Early child development is very important as it sets the foundation for lifelong learning, health and behavior.
Many people still think that speech therapy is the literal act of speaking, while they are not wrong but it also includes language disorders and social skills. Every child needs to be able to communicate effectively that’s why speech therapy benefits those children who are non-verbal. Children who are hard to understand when they speak, or if they have trouble pronouncing certain letter, have difficulty understanding what others are saying or having any problems communicating can benefit from speech therapy. Children having feeding or swallowing disorders can also benefit from speech therapy.
Speech therapy helps with articulation and fluency, as well as the quality and volume of children’s speech as they speech therapist will work with the children and strengthen their speech muscles and will teach them to form sounds correctly. Speech therapists also improve swallowing and chewing of children by exercising their oral muscles. Picky eaters can also benefit from speech therapy as some speech therapists also work on oral stimulation and sensitivity to different tastes and textures.
Children with autism who may struggle with social cues or connecting words with emotions can also benefit as the speech therapist will work on expression as well as speaking and acting in socially appropriate ways. Speech therapists use things including books, toys, games and other fun activities to enhance children’s language development and processing, as well as expand children’s vocabulary. Speech therapists use such fun methods that often children don’t even realize that they are doing tasks given to them because they are having so much fun doing them.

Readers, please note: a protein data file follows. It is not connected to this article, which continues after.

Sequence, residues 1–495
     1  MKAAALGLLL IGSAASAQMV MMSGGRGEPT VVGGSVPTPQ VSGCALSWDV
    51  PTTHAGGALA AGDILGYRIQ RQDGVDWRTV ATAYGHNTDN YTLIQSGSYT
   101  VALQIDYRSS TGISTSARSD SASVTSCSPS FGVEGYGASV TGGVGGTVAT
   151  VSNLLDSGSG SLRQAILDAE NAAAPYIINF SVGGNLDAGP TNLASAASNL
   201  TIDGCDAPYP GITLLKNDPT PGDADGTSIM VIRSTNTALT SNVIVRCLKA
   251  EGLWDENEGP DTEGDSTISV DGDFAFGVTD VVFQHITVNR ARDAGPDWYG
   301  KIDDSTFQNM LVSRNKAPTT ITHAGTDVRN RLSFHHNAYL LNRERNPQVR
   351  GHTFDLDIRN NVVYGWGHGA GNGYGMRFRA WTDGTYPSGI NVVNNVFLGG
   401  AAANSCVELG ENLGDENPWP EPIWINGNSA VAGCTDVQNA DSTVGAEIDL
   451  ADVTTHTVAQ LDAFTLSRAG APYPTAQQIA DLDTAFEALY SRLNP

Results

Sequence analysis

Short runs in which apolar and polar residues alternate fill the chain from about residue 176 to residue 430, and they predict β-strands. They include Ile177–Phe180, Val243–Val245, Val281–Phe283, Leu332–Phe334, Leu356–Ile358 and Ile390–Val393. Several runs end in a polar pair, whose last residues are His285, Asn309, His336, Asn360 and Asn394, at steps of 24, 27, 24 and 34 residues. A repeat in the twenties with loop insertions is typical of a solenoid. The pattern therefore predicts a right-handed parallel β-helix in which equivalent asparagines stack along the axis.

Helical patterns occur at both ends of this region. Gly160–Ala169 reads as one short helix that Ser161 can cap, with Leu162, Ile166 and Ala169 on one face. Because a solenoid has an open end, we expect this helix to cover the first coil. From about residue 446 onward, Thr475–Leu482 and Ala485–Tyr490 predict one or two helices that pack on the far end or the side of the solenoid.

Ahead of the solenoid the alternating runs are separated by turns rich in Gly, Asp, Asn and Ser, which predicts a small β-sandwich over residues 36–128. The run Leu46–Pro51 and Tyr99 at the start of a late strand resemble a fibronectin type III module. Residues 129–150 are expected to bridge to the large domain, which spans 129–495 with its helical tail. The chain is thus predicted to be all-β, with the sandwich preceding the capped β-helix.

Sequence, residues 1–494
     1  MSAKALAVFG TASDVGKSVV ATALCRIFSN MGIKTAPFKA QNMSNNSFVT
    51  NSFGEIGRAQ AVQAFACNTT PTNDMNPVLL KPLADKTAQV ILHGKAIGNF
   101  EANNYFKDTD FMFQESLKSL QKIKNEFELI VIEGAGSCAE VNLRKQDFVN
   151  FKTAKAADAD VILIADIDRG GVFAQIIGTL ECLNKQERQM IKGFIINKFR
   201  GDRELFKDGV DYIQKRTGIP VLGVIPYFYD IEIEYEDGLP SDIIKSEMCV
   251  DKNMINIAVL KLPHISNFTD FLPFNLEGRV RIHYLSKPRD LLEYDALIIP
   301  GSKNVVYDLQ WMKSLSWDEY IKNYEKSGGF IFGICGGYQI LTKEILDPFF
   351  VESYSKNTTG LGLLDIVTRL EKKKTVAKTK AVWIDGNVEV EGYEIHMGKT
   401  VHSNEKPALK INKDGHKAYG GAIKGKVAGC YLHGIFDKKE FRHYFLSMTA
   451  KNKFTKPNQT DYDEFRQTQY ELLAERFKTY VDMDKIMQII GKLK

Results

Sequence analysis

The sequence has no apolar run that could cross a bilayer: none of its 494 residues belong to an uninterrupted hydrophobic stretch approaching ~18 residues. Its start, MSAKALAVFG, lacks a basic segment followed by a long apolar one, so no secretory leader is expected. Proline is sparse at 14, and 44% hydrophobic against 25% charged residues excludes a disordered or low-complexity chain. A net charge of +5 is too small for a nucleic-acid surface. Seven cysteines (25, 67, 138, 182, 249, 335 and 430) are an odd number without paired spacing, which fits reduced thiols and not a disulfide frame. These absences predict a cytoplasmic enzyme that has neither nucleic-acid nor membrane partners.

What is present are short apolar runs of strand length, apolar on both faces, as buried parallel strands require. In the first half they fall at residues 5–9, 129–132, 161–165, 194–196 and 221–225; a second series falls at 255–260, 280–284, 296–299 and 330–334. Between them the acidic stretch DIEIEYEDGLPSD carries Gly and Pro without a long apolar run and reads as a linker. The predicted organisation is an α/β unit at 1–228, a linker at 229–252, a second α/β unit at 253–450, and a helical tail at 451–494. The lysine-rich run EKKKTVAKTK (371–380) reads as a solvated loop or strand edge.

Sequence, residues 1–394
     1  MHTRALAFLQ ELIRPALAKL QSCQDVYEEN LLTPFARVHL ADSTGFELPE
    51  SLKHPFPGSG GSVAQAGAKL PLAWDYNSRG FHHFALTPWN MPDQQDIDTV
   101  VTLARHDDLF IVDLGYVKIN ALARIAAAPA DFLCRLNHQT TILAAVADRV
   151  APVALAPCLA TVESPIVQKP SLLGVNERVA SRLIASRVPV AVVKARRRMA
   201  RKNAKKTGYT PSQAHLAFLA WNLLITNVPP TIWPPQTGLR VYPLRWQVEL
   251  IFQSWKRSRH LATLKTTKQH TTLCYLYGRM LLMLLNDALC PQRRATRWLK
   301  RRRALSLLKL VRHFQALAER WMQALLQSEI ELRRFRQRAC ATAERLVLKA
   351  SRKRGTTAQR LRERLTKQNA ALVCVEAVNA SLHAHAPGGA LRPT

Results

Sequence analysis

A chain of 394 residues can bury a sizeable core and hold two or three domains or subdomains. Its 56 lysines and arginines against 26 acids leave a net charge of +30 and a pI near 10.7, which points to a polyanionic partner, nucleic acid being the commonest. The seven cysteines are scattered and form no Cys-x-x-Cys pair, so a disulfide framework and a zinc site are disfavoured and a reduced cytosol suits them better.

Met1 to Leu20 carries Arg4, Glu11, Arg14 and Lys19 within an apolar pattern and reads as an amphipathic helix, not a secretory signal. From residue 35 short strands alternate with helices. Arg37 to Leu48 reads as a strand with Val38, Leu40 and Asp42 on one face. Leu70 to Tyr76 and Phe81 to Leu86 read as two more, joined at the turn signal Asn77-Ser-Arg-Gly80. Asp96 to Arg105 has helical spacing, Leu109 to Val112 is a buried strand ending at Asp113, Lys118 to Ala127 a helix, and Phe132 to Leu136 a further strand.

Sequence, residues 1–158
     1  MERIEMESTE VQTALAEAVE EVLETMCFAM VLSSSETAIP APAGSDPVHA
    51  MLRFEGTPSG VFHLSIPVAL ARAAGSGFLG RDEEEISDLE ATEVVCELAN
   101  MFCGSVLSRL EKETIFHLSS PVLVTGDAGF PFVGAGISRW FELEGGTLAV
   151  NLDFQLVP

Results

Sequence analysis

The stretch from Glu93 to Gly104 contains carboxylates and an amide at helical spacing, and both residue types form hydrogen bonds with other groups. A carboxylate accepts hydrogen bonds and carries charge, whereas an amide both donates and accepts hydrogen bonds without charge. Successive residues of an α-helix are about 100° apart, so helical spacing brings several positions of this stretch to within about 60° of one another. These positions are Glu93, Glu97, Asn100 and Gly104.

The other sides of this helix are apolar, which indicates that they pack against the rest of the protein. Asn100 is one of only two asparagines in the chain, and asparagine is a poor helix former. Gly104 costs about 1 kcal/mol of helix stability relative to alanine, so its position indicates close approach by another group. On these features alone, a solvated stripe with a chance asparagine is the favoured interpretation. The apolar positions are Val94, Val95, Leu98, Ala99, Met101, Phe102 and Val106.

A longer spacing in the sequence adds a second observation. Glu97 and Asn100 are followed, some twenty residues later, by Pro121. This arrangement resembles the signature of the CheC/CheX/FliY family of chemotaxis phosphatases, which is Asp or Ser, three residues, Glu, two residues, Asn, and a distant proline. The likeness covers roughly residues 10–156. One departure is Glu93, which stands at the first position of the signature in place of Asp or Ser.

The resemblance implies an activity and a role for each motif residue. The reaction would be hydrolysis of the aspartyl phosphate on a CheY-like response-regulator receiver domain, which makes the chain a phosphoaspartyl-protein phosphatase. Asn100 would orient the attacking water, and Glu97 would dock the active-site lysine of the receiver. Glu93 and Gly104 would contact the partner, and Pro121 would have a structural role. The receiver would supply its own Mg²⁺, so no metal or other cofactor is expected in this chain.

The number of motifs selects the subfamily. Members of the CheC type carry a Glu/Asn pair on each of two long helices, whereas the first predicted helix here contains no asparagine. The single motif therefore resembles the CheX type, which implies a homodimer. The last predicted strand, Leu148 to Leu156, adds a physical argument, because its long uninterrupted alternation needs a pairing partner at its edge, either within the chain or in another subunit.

Other benefits of speech therapy
Following are some of the most important benefits of children development and speech therapy:
- Improving interactions with others by developing conversational skills.
- Expressing thoughts, needs, ideas and most importantly emotions in a more understandable way.
- Following rules and self-regulation for conversation.
- Having social appropriateness in different settings and situations depending on those settings and situations.
- Others understanding you better what they are saying because of improved articulation.
- Non-verbal communication skills improved such as body language or facial expressions.
- Improved verbal communication skills as they can put words together in a sentence that make sense.
- Understanding the meaning of more words and how to use them.
- Using alternative communication devices such as text-to-speech programs or picture exchange communication systems.
In order for children to be more successful in school, build their self-esteem and become a more independent communicator, it is important to start speech therapy early so they can help address problems before they start becoming serious.
Many speech therapists in your area are waiting for you to bring your child so they can evaluate your child for a wide range of speech and language disorders and will develop a customized treatment plan to help you meet your needs and most importantly help your child to develop into a better and successful human being.